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Groundhog Day 2


On love & law

The supposition that we move ourselves, that we are not determined by external actions, underlies both options, because it underlies the possibility of action. Considering success & failure requires reflection on the soul.

Thereafter, Phil tries to prove the day is not repeating itself. He even hopes to sleep it off, supposing it a dream. He unfortunately fails. It turns out things really are what they seem. He hopes his producer can help; he calls in a creative meeting. When once he becomes resigned, he realizes he would rather relive a day with exotic food, cocktails, & sex.

Thereafter, he abandons the little politeness he knew: I’m not gonna live by their rules anymore. You make choices & you live with them. The hicks he had declared contemptible suggest no tomorrow means no consequences. Thereafter, he outdoes them in recklessness. He changes into a tyrant. Joyriding & chases with cops lead the way to the pleasures of the table & sex. The laws rest on punishment, which he learns not to fear. Thereafter, he says he does not worry anymore. This lawlessness is the consequence of his foreknowledge.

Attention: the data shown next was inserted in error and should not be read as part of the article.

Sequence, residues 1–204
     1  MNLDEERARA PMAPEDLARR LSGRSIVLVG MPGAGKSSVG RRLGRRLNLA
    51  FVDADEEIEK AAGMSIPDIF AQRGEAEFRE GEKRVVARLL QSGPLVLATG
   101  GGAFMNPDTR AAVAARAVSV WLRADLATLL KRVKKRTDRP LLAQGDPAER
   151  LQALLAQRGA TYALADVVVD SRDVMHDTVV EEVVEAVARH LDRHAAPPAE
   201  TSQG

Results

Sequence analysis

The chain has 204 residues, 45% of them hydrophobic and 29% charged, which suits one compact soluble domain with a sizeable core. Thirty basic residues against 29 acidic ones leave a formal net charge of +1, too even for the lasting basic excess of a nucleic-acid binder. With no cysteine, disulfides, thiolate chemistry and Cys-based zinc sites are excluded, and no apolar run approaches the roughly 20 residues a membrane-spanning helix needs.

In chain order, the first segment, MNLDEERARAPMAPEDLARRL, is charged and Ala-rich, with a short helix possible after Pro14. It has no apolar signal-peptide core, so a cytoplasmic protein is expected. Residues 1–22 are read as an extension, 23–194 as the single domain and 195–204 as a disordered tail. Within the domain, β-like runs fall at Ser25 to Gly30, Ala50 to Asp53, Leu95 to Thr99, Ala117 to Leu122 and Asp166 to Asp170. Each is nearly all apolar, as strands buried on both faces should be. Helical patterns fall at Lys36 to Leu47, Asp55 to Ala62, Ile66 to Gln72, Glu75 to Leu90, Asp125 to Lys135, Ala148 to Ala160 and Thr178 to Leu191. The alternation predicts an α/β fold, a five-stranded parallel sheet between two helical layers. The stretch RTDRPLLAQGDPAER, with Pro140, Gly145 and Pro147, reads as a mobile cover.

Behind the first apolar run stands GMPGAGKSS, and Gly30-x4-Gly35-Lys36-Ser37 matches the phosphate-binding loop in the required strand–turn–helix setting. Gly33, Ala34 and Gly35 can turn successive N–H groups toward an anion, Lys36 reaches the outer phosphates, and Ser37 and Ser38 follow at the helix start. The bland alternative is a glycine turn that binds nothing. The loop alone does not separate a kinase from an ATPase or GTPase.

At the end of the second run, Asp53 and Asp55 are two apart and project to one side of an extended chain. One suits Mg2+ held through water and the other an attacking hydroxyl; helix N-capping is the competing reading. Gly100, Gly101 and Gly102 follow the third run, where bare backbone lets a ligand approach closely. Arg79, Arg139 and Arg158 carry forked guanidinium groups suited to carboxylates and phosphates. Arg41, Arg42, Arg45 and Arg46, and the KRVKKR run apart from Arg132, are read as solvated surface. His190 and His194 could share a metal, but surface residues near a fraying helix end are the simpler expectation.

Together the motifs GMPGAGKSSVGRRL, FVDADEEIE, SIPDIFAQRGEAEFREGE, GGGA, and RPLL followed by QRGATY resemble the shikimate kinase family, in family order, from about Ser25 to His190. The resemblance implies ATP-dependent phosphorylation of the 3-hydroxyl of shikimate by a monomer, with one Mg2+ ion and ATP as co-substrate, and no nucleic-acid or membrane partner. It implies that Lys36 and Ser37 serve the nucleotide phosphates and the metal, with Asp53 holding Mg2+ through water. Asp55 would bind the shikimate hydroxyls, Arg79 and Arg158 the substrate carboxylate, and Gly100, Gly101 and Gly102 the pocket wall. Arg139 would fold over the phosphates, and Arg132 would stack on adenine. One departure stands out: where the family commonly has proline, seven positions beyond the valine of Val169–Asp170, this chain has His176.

He finds he cannot seduce his lovely but earnest producer Rita in a day, though he comes close. Repeated failure leads him to self-loathing & suicide. His first suicide kills the groundhog, too. Phil then learns his problem has nothing to do with the groundhog celebration. Perhaps there is no public solution to his private problem. Repeated suicide fails to remove his predicament.

Thereafter, he takes Rita’s list of the qualities of a lovable man – the only list of virtues in the story – as the curriculum to his education. He masters the piano, French poetry, & ice sculpting. He also strives to do good for other people, saving lives & making himself loved. Finally, we may ask: What does Phil love? He loves Rita, who prays for world peace with every drink, loves the merry simplicity of life in Punxsutawney, & had twelve years of Catholic schooling.

Thereafter, he realizes he can make her fall in love with him in a day, if the city improbably vouches for his character. He can only seduce the woman lawfully. This turns out not to be too high a price to pay for him. He tells her, The worst part of eternity is not wasting it on trifles, but being forgotten by her. He persuades her of his immortality & thereafter begins to do good deeds. Eventually, he gives a speech about Groundhog Day that persuades the people of the goodness of their celebration. That night he participates in a charity auction where the women bid on him. Rita bids everything she has & wins.